So you got a brand new woven wrap, and you’re wondering why all the ones you tried from the lending library and your friends’ bags are all soft and blankety, and yours feels like a set of stiff curtains pulled fresh from a plastic bag. Yep, your wrap needs some breaking in.
There are a lot of factors that work together to determine how soft your wrap is out of the box, including the fiber and type of weave. Most silk, bamboo, tencel, and even wool blends won’t require this type of breaking in. But if you have a new or newer wrap in cotton, linen, or hemp, there’s a good chance it hasn’t reached its full potential as far as wrapping qualities. There aren’t a lot of shortcuts to breaking in a wrap, but you can have some fun while you’re working at it! Fabric generally responds well to two things as far as breaking in: friction and/or heat. Try any of the tips below, and your new wrap will reach the coveted “soft and floppy” wrap status in no time.
1. Braid It.
And unbraid it. And braid it again. Repeat repeat repeat. This works because the fabric is being moved and passed over itself, so it doesn’t do much good to just braid it once and leave it. The next time you sit down with your favorite audio book or tv show, set your hands to braiding. Each time you braid it, pull on both ends to give it a stretch before unbraiding. Here’s a quick video demo if you need it:
2. Weave it.
This is a similar idea to braiding. If you have a stair railing or crib with rails, weave your wrap in between the rails for the length of it. But don’t just leave it there! Again you need the friction of the fabric moving across itself or another surface to help soften it. So put a kid on each end of the wrap and have them pull it back and forth through the rails! Or weave it in, then pull that end all the way through the rails, weave again… you get the idea. **Always inspect any surface over which the wrap will be moving!! The idea is to soften the fabric, not put a bunch of snags in it. Look for nails, splinters, any irregularities that could catch on the wrap, and also be aware that some paints and wood stains could transfer to your wrap.**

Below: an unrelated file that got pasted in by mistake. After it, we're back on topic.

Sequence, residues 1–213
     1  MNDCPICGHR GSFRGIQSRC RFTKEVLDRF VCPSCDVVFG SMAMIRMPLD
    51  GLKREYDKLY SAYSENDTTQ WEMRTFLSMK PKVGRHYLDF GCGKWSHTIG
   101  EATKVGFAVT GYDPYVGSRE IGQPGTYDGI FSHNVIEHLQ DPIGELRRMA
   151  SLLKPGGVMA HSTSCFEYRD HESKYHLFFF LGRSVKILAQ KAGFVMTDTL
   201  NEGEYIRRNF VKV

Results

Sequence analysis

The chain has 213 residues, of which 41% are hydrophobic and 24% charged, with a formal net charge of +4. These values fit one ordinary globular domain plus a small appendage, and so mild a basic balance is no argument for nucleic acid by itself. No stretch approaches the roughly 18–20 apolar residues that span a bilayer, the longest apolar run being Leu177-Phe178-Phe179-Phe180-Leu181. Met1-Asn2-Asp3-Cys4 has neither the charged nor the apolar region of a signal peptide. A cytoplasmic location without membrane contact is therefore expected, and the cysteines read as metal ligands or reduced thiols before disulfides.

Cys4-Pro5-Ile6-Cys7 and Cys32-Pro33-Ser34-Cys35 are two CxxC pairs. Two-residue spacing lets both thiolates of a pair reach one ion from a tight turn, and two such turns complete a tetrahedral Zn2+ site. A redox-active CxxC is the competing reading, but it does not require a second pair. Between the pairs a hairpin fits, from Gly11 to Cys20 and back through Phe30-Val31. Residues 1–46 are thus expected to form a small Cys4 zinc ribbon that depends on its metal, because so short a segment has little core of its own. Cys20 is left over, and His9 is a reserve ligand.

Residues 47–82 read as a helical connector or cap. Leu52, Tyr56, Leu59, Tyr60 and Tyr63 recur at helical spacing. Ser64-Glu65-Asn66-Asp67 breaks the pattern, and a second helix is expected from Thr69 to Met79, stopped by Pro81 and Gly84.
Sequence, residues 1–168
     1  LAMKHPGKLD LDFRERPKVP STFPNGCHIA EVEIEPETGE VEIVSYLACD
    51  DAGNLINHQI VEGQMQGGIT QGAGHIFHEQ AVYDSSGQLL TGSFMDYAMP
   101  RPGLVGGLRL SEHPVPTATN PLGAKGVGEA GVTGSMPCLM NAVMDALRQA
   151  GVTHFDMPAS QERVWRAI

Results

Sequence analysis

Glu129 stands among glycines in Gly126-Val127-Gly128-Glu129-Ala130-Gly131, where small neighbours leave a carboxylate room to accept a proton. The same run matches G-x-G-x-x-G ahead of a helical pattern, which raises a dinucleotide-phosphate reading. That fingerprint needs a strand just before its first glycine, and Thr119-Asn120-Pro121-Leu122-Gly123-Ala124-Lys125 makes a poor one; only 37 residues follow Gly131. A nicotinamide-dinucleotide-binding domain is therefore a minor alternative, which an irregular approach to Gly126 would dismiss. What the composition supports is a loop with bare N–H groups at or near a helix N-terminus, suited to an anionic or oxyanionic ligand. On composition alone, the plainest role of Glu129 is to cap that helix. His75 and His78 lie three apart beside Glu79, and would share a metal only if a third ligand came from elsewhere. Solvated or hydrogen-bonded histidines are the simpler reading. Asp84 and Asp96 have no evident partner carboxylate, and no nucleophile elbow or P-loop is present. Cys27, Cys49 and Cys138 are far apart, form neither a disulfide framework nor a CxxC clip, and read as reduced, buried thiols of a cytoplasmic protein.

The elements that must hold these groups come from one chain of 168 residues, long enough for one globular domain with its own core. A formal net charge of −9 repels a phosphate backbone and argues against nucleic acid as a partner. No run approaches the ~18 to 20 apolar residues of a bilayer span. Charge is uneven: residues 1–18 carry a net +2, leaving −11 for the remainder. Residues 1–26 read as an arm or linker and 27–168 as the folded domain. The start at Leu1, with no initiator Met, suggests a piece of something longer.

3. Wash it.
Washing can soften up a wrap very quickly, and any wrap that arrives new in “loom state” should be washed before wearing anyway to set the weave. **PLEASE** know about the fiber content of your wrap and consult the manufacturer’s or weaver’s instructions before washing. Most cotton, linen, and hemp wraps should be fine in the gentle cycle in your machine. Other fibers like wool, bamboo, and silk require hand washing. Always choose a liquid detergent with no optical brighteners, or gentle detergents specifically for delicate fibers like silk and wool. Babywearing 102 has a great list of general washing instructions for the most common fibers here: Babywearing 102 Washing and Care by Fiber
4. Dry it.
A tumble in the dryer, especially if you throw in a few wool dryer balls or some tennis balls in a sock, can be great for softening a wrap, **IF** your fiber can be dried! This is definitely off limits for wool, but some fibers like hemp and linen really benefit from some heat. Even a no-heat tumble can do a lot of good for wraps that can’t take high heat but aren’t too delicate. Again, know your fiber.
5. Iron it.
By this point you know what I’m going to say, right? Know your fiber! Those heat-loving yarns like linen and hemp? Tumble dry until damp, then steam iron and they will look and feel amazing. But that same heat and steam can totally ruin more delicate fibers. And there are a lot of newer fibers hitting the wrap market like repreve and tencel – research your wrap fibers before using any extreme heat or steam.